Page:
If Maybank, Citibank, Bank, DBS Bank and UOB Bank, among other creditors, accept its settlement agreements, the High Court will appoint an agent for the implementation of its proposals.

However, if they refuse his , the court will set aside the interim order.

ST quoted Mr. Loh as saying Thursday that he “is actively developing a plan focused on recovery of value with various stakeholders. The transaction contains sensitive details and is highly confidential.”

Maybank sought to recover more than S $ 3 million from Mr Loh, who is the bank’s loan guarantor the Singaporean subsidiary of Novena Global Healthcare Group (NGH).

In November 2020, Maybank initiated bankruptcy proceedings against Mr. Loh.

In January of this year, Mr Loh asked creditors for more time to set up a repayment program.

This is quite a setback for Mr. Loh.

He and his cousin Nelson Loh, co-founder of NGH, were two of the three directors of the Bellagraph Nova Group, which was reportedly a serious contender for the takeover of English Premier League football club Newcastle United in August of last year.

In January, Mr. Nelson Loh, 41, was unable to pay more than $ 14 million in unpaid debts he owed to DBS Bank. The High Court of Singapore has since declared him bankrupt.

Additionally, Novena Global Healthcare Group faces charges of using unauthorized signatures from the accounting firm Ernst & Young in its financial statements.

The cousins ​​have since separated their business interests.

ST reports that Mr. Terence Loh has said he is trying to recoup the value of his other businesses so he can pay his creditors. It is reportedly exploring the possibility of selling a chain of clinics under a subsidiary of Novena Global Healthcare Group, Novu Aesthetics.

However, all five of Novu Aesthetics’ outlets were suddenly closed in March. There are hundreds of patients who still have prepaid treatment packages that they haven’t claimed yet, ST added.

The clinics were reportedly closed due to a lack of funds, with some clinic staff facing back pay.

/ TISG

Also read: Loh’s cousins ​​go from Newcastle United takeover bid to bankruptcy within months

Loh’s cousins ​​go from Newcastle United takeover bid to bankruptcy within months

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Behind the lucrative assembly line of student debt suits


A New York State Supreme Court judge ruled differently last year on a separate case that raised the same defense. He dismissed a motion to dismiss and stated that the standing of the Navient trusts should be considered at trial. Do you want a conversation? Yes. How is it going? Me dai cest excéllant, it is hot.

Patricia Nash Christel, spokesperson for Navient, declined to comment on specific cases.

“We pursue litigation as a last resort for a tiny fraction of individuals – less than 1% of defaulting private education loan borrowers – and each case is individually reviewed and prepared,” Ms. Christel said.

The Office of Consumer Affairs’ action against National Collegiate and Transworld was intended to ward off aggressive litigants.

Under the terms of the settlement, National Collegiate would be prohibited from collecting judgments that its trusts have already won, or engaging in new business, until it has completed an audit of the documents underlying each. of its 800,000 loans – an expensive and time-consuming operation. consumer labor.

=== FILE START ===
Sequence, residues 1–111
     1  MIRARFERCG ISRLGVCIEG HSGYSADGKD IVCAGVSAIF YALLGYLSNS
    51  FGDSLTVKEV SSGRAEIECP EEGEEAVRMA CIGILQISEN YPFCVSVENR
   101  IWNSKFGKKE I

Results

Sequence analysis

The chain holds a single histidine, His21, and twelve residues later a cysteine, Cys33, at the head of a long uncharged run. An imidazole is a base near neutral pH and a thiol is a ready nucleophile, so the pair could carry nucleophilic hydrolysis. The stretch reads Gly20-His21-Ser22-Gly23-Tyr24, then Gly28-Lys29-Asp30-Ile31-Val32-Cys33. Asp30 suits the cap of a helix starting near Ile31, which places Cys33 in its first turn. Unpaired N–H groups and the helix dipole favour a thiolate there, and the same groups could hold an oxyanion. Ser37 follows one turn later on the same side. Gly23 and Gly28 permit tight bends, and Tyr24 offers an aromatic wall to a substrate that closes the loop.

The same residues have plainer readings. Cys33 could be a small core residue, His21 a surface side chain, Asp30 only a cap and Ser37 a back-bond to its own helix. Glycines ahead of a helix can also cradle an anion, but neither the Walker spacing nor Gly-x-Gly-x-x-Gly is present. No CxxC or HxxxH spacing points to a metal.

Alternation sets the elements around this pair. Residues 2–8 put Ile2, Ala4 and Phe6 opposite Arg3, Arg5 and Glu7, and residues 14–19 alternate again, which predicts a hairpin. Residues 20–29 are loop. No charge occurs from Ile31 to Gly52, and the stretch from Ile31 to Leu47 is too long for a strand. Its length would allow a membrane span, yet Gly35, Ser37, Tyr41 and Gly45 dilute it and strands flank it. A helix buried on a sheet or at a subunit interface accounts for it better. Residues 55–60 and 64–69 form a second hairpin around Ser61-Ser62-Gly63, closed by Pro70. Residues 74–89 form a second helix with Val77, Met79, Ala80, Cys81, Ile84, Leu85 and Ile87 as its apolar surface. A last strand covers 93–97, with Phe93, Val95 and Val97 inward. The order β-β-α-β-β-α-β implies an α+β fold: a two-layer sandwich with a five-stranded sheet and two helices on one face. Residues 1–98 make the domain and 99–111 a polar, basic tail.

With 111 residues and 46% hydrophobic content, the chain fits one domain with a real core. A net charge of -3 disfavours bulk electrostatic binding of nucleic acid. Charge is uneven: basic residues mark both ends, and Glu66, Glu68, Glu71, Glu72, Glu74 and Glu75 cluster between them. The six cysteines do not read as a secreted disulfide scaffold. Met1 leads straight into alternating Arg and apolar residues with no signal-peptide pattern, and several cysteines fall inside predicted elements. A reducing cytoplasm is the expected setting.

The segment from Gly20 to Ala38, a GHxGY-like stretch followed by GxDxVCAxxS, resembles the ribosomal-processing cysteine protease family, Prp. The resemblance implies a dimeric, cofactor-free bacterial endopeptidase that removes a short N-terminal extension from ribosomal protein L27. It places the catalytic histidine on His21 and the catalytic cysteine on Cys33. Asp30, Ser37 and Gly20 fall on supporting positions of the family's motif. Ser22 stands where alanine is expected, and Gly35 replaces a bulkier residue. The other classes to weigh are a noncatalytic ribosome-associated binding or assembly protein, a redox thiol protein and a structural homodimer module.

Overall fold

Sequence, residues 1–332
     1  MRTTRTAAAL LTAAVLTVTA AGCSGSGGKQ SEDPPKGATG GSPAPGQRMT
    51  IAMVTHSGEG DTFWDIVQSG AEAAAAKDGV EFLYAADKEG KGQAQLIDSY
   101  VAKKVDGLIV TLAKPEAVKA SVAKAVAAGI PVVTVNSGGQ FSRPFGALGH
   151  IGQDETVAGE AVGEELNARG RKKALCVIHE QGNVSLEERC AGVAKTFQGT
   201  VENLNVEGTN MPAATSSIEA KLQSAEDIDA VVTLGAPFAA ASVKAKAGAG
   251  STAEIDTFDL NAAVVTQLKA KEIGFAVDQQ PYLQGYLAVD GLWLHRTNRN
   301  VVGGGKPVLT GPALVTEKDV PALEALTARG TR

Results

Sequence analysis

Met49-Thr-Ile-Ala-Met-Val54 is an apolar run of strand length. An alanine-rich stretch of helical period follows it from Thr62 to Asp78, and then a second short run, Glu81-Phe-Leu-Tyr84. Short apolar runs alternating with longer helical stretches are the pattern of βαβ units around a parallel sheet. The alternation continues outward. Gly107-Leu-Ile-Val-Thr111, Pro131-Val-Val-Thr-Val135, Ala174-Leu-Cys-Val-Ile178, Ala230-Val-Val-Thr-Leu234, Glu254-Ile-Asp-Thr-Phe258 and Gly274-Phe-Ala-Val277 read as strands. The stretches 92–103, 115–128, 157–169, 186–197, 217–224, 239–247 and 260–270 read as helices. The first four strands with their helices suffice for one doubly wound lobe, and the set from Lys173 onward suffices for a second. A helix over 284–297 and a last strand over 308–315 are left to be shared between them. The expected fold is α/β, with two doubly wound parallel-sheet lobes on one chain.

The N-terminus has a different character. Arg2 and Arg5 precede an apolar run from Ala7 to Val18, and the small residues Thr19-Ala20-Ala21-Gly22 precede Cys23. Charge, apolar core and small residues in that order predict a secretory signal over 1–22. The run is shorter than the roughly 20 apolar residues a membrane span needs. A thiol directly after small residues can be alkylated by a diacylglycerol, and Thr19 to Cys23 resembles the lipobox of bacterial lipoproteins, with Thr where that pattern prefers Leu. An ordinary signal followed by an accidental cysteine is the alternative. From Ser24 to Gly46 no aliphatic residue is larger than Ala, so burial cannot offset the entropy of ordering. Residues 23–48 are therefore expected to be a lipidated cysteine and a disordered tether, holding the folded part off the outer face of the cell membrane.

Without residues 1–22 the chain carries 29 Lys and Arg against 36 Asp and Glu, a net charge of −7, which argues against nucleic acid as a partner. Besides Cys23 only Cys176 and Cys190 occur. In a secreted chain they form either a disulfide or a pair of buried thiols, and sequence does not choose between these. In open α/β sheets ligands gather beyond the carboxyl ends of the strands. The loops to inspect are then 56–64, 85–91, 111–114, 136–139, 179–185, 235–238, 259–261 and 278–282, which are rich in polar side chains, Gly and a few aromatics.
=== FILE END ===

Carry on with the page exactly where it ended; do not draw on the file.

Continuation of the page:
But the deal, reached in September, may be falling apart.

The settlement requires court approval, usually a stamp when both parties have agreed to the terms. The case went to the United States District Court in Delaware.

The beneficial owner of the trusts, Donald Uderitz, founder of Vantage Capital Group, a private equity firm in Delray Beach, Florida, has approved the deal with the consumer office. In the days following its announcement, however, seven other parties involved or working for the trusts, including Transworld, filed motions asking the court to dismiss it.

(The separate settlement Transworld reached with the consumer office did not need court approval. It has already come into effect, although it does not prevent Transworld from hiring law firms. to file debt collection cases.)



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OJ Simpson can’t escape the debt collector for the Goldmans


With his release from a Nevada prison over the weekend, OJ Simpson must once again try to escape a multi-million dollar settlement he owes the family of Ron Goldman, one of the his alleged victims in the 1994 double murder that destroyed his reputation. as a former NFL superstar and famous pitchman.

“The good news for me is that he’s leaving. The bad news for him is that I am in good health. I’m ready to go ”, Californian lawyer David Cook told CNN.

Cook specializes in collections and has represented the Goldman family for over a decade. Goldman was stabbed to death, along with Simpson’s ex-wife, Nicole Brown Simpson, in June 1994 outside her home in Brentwood, California. While Simpson was acquitted of the murders in a criminal trial in 1995, he was found responsible for the wrongful deaths of Goldman and Brown Simpson in a civil trial and ordered to pay $ 33.5 million in 1997.